Kuwait reported the third biggest decline of 145 tb/d in 2017 and produced at an average rate of 2.71 mb/d. These aforementioned prominent declines were partially offset by higher production in Libya which increased it production by 427 tb/d to an average rate of 817 tb/d in 2017. Iran, which saw the biggest increase in production in 2016 at 679 tb/d, recorded the second highest increase in 2017 recorded at 296 tb/d and produced at an average rate of 3.81 mb/d. Nigeria also added production during 2017 and produced at 1.66 mb/d recording an increase of 107 tb/d during the year.
On the non-OPEC side, US raised production by 5% to 9.3 mb/d during 2017 as compared to 8.9 mb/d during 2016. The US has seen one of the highest average production growth rates over the past five years, recorded at around 7.4%.
KAMCO Research believes 2018 would see increasing pressure on oil prices coming primarily from the US as it raises production backed by higher prices and initial signs of some incentives by the US government. Oil market will also be swayed by signs of how OPEC plans to end the ongoing pact and how gradually the production would be raised in 2019 and beyond, as these countries have continued to add capacity over the years. We see USD 70/b as a strong resistance level for oil and see higher volatility on any sign of higher production in Libya and Nigeria as well as any indication of stability and improvement in Venezuela.
Crude prices continued to surge since the start of the year continuing the momentum seen at the end of 2017 on the back of tightening oil market conditions. Spot crude prices scaled new heights reaching a 3-year high level as OPEC’s restraint in cutting production coincided with rising oil demand as well as a temporary slowdown in production in the US owing to weather conditions that shut down some production facilities and resulted in a decline in crude inventories. OPEC crude prices soared to USD 67.78/barrel during January-18, the highest level since December-14, while Brent crude spot prices reached USD 70.36/barrel.
The decline in US oil production was also visible in the weekly rig count data released by Baker Hughes. After adding 10 rigs in the week ended 12-Jan-18, the highest since June-17, US oil rig count declined by 5 to reach 747 rigs during the week ended 19-Jan-18.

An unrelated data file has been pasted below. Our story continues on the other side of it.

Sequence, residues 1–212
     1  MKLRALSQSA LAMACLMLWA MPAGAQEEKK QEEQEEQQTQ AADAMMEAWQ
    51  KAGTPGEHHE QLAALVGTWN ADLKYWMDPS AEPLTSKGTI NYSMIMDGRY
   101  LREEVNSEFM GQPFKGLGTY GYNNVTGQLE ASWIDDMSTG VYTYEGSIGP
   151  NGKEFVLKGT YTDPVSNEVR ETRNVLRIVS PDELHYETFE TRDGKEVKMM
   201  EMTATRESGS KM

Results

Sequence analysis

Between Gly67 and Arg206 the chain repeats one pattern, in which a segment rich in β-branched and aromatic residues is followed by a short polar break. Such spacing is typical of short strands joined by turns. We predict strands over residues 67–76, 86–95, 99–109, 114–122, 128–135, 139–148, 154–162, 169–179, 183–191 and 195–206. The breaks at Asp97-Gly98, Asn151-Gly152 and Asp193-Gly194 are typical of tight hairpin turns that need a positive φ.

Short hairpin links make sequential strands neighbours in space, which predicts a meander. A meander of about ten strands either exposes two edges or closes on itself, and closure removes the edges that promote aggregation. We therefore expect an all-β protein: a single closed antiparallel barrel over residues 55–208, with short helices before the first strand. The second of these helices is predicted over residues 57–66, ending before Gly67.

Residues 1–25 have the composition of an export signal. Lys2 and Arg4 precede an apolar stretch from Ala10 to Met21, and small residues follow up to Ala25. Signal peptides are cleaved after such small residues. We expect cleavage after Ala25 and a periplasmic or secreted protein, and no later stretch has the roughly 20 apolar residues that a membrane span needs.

The surge in oil prices during the third week of January-18 was so remarkable that IEA updated its monthly report with revised view on the oil market given the higher prices. The agency now predicts a slowdown in oil demand in 2018 to a growth of 1.3 mb/d owing to the higher prices, changing pattern of oil use in China, weakness in OECD demand and the switch to natural gas in several non-OECD countries. On the supply side, IEA expects higher production in the US, Canada and Brazil will push non-OPEC supply by 1.7 mb/d in 2018 as compared to 0.7 mb/d growth in 2017.
Average crude prices continued to maintain a positive trend and were consistently up for the past six months. Average OPEC prices reached USD 62.06/barrel, recording a month-on-month gain of 2.2% in December-17. Kuwait crude grade also posted a similar gain of 2.3% to reach an average price of USD 60.93/barrel. Average Brent crude prices during December-17 reached the highest level in 37 months to USD 64.4/barrel recording a month-on-month increase of 2.4% .
World Oil Demand
World oil demand growth estimates for 2017 was revised up by 43 tb/d to an average of 1.57 mb/d and total demand is expected to reach 96.99 mb/d during the year. The upgrade in demand outlook reflected better-than-expected demand data from OECD Europe and China.
The OECD Europe region continues to witness strong economic momentum that led to higher demand, particularly in Q3-17 by 100 tb/d, resulting from higher consumption in the transportation and industrial sectors. In terms of individual countries, higher demand was seen in Italy, Turkey, the Netherlands, Poland, Spain and Portugal during October-17. This growth comes despite warmer weather as compared to 2016 that is expected to affect oil demand during the last two months of the year, although the weather was still colder as compared to historical norms.
The transportation sector witnessed strong vehicle sales in the region with November-17 data suggesting a year-on-year growth of 5.9%. Oil demand data from the US also indicated strong trends emanating especially from the transportation sector in addition to higher requirements for most crude categories. Preliminary weekly data for the last two months of the year indicated an overall positive trend, although gasoline demand remained flat, while the colder weather resulted in higher demand for diesel and residual fuel oil usage. A similar trend was also seen in Canada with the latest data for October-17 indicating growth in all product categories, with the only exception of LPG demand that declined as compared to the previous year.